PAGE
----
One passage of the opinion struck me. It got to the heart of consent agreements (as briefly discussed above). The Board quoted duPont, the seminal likelihood of confusion case, in describing a business owner’s want to avoid confusion:
It can be safely taken as fundamental that reputable businessmen-users of valuable trademarks have no interest in causing public confusion. The genius of the free competitive system is the paralleling of the interest of the entrepreneur and the consuming public so far as possible. Altruism aside, it is in his pecuniary interest, indeed a matter of economic survival, that the businessman obtain and retain customers, the very purpose and function of a trademark, and that he avoid and preclude confusion. Millions of advertising dollars are spent daily for that precise purpose. The history of trademark litigation and the substantial body of law to which it relates demonstrate the businessman’s alertness in seeking to enjoin confusion. In so doing he guards both his pocketbook and the public interest. … [E]xperienced businessmen fully and continuously alert to each other’s products, labels, trade channels and advertising . . . will be quick to act against confusion. . . . Dollars were at stake. Decisions of men who stand to lose if wrong are normally more reliable than those of examiners and judges.
This is all true and important, but also nonsense for many consent agreements. If “businessmen” truly cared about confusion or understood trademarks, most of the time they wouldn’t get into this consent-agreement-mess in the first place. Many consent agreements are with parties that don’t quite understand the importance of distinctiveness in trademarks, or they just refuse to give up the mark they’ve decided to use. (Confusion be damned!). The thought behind most consent agreements go like this: 1) I use that mark (or want to use that mark); 2) the only way I can use it is if I get someone else to consent to letting me use it; and…nothing else. Confusion is usually either a minor discussion or a non-factor.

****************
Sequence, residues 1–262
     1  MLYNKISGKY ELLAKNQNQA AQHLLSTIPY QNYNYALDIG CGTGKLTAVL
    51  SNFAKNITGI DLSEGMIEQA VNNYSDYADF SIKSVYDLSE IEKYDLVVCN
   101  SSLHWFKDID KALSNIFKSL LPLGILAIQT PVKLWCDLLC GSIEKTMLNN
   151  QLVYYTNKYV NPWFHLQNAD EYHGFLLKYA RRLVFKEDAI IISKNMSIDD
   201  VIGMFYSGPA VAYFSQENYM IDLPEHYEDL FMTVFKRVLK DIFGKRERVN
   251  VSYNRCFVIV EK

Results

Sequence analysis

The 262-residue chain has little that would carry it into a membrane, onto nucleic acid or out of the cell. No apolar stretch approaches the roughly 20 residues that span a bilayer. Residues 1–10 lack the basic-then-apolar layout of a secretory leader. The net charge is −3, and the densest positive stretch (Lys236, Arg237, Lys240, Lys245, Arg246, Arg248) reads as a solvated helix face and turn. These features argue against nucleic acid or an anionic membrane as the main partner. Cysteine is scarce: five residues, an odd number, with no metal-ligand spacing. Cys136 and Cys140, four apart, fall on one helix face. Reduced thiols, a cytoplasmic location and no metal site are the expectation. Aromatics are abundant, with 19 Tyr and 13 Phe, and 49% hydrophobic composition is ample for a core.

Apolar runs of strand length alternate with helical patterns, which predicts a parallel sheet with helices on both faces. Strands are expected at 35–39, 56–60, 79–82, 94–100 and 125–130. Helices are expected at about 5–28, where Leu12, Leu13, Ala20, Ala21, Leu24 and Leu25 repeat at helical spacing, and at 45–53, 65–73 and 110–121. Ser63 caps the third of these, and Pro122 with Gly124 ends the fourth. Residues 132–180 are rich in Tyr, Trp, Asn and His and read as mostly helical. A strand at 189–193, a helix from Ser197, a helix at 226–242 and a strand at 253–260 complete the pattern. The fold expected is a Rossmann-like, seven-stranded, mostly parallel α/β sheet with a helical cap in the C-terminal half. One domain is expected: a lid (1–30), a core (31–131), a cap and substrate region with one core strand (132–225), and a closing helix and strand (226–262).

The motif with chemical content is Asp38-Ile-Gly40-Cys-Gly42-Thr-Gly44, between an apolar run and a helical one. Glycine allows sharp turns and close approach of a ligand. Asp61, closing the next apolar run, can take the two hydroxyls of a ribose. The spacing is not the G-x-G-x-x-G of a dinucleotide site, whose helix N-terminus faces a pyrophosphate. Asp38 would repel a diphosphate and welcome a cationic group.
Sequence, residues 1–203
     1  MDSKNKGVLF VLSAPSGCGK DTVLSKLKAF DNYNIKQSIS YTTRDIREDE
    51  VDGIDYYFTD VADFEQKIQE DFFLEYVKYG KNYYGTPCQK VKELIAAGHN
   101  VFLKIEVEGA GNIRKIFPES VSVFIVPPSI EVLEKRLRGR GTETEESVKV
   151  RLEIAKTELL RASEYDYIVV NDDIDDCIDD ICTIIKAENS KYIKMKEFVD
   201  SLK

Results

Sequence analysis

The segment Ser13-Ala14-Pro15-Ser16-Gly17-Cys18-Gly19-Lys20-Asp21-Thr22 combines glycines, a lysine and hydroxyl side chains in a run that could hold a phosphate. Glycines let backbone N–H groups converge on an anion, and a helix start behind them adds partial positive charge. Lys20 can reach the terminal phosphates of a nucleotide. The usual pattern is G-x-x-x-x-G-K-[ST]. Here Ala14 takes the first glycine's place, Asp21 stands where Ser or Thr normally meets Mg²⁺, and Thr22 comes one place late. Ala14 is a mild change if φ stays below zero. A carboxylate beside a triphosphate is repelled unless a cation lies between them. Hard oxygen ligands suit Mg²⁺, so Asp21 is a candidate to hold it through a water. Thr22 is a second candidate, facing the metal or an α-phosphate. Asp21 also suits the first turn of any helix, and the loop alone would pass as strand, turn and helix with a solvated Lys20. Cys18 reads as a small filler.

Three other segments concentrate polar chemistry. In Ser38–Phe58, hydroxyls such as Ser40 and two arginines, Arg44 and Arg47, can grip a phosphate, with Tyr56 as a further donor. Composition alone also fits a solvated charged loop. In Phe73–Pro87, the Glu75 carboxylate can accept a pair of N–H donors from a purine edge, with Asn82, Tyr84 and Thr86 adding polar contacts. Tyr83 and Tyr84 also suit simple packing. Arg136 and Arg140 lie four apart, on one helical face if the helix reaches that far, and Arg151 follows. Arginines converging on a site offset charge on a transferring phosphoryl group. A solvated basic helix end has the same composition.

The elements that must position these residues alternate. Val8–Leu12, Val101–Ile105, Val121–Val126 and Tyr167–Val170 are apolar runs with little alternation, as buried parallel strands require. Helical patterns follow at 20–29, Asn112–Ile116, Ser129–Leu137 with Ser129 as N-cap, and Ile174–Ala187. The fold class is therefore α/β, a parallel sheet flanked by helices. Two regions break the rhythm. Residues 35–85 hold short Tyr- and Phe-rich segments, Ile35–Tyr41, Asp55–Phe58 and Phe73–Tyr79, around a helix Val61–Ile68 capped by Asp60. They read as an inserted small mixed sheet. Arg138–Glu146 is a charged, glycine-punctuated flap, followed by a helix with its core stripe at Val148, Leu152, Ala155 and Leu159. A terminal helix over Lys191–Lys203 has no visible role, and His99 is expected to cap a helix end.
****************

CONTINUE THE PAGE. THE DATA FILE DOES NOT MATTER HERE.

See, a lot of businesses just want what they want. And that might not be what’s best.
For many, rather than a consent agreement, the business should recognized that the other mark that is blocking the use of their mark is likely to cause confusion for their customers and thus hurt their business (or hurt the business of the registered mark, which they might not care about but is important for public policy reasons). Though it may be hard to swallow, a likelihood of confusion rejection can be a good time to reassess a mark and whether or not it accomplishes its purpose: distinctively identify source.
What I want to know is, why do consent agreements carry so much weight? So what if “businessmen will ensure…” blah blah blah. Trademarks should not be about what the owner wants, but should be about what the public will (does) perceive. Consent agreements certainly have their place (especially for marks with long-term concurrent use), but their importance is often overblown.
The Board got this one right. Sometimes there is no way around confusion.
h/t to the TTABlog